Games That Turn Players Into Creators

By Mike Musgrove
Sunday, November 2, 2008

There's an odd new feature tucked into the latest version of Guitar Hero, designed to appeal to those fans who feel the creative spark.

The video game franchise has become a runaway hit in recent years by letting players fake-riff along to some of their favorite rock songs on a guitar-shaped game controller. The latest release, Guitar Hero World Tour, seems a bit like more of the same thing -- until you fire up the new game's "studio" mode and start to compose your own music.

No, seriously. Mash the buttons on the neck of that guitar controller and strum away to play some chords. Then grab some drumsticks and bang on the game's drum kit to lay down a rhythm track. If you like what you come up with, you can click a button and "publish" the song online so that any other player with a Web-connected game console can download and play your song, just as they would play any other song in the game. If other players like your creation, they can vote for it and you can get the satisfaction of watching your song climb the online charts at the game's online service, called "GH Tunes."

It's not just Guitar Hero. Creativity features like this are hitting the video game world in a big way this year. In a trend that's something of a nod to MySpace, Facebook and YouTube, many of the hottest new titles appearing this holiday season include software tools that allow users to express themselves and share their work with an online audience.

In the recently released computer game Spore, players explore a virtual universe populated with space-traveling alien creatures that were all created by other players. Next month, Microsoft is planning to introduce a "community games" channel for its Xbox console, on which hobbyists will be able to distribute their own homemade titles.

Mark Healey, creative director at the British game studio Media Molecule, says that games are poised for a do-it-yourself revolution. If so, his studio's new title for the PlayStation 3, LittleBigPlanet, might be one catalyst. Billed as a game about making games, the new game disc comes with a built-in adventure story. Its chapters mostly exist as a mechanism to teach players how to use the title's software tools so that they can share their own creative visions with the world. Most of the entertainment that players will get from the game, the studio anticipates, will come as they log on and check out adventures others have made.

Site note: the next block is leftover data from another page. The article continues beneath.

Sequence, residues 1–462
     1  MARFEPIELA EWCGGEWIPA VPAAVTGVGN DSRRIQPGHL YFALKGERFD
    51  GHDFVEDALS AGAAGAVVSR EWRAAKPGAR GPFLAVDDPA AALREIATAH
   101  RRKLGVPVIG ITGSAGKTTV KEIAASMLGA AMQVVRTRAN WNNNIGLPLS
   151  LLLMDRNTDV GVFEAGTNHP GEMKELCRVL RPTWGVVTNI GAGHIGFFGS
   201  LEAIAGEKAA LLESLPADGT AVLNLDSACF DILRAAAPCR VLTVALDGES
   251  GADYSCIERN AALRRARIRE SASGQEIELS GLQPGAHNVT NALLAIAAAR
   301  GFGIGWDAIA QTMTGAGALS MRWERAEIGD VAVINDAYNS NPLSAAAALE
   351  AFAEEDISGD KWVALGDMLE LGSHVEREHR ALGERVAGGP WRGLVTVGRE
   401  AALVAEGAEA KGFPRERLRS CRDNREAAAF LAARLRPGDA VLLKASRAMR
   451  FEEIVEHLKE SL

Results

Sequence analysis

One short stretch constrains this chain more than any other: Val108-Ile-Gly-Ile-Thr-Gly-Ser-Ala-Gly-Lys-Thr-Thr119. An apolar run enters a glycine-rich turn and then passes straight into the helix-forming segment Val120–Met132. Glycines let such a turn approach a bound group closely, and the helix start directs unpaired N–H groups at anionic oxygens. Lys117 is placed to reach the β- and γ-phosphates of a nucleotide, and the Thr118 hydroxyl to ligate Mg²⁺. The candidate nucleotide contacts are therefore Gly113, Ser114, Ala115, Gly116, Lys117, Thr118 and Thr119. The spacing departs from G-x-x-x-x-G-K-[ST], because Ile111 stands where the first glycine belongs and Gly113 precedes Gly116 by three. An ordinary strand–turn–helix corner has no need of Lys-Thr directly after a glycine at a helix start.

"Hopefully, LittleBigPlanet will unearth some amazing game designers that would never have gotten the chance to show their talents," Healey said. "That's the most exciting part to me." In a beta test for the game, early players of LittleBigPlanet uploaded thousands of their own levels and, apparently, there's some talent out there. "We've already had people making better content than we are, as a company," he said.

Nintendo is also exploring the area of user creativity, with a new title called Wii Music. Waggle the system's controllers, and your onscreen character, along with that character's virtual backup band, makes music based around your movements. After they've composed a track, people can then send their creations through the device's Web connection to their Wii-owning friends.

"In my mind, there's a question of whether we should even call this a 'game' " said Nintendo producer Shigeru Miyamoto. The Japanese video game designer, famous for many of the company's enduring hit creations such as Mario and Donkey Kong, said he has tried for years to learn how to play American bluegrass music on the banjo. He never really got anywhere, so he did what a game designer does: He created a title based on the topic that was occupying his mind.

Miyamoto said that this type of game was one of the central ideas years ago when the Wii console was still on the drawing board. The company wanted a device that appealed to everybody, so it tried to think beyond the bounds of what is usually considered to be a video game. Not everybody likes video games, but everybody likes music, right?

As for the new Guitar Hero, even with those music creation tools, most people are going to pick it up because they want to play songs that other people wrote. During a recent visit to Washington, one of Guitar Hero's creators said he doesn't anticipate most players will invest much time trying to create their own music.

"But most people who go on YouTube never upload their own videos," said Charles Huang, co-founder of Red Octane. "It's the same concept." Even if 1 percent of the people who play the latest version of the game upload songs, that's still quite a lot. The franchise has sold some 23 million units or so.

I've been watching the GH Tunes charts this week and can confirm that people are out there creating and uploading stuff that sounds a lot like music. I can't say that I've spotted any prodigies climbing the charts yet, but the game has only been out for a week.

It's entirely possible that this online venue will, soon enough, attract some folks with actual talent; after all, if user-creation sites like YouTube have taught us nothing else, it's that there are plenty of people with a lot of spare time on their hands.

© 2008 The Washington Post Company